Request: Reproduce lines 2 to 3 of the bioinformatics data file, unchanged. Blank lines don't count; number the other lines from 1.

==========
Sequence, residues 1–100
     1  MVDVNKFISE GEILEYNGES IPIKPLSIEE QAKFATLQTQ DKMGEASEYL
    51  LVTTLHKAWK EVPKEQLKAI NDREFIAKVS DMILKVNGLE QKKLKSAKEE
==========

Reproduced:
     1  MVDVNKFISE GEILEYNGES IPIKPLSIEE QAKFATLQTQ DKMGEASEYL
    51  LVTTLHKAWK EVPKEQLKAI NDREFIAKVS DMILKVNGLE QKKLKSAKEE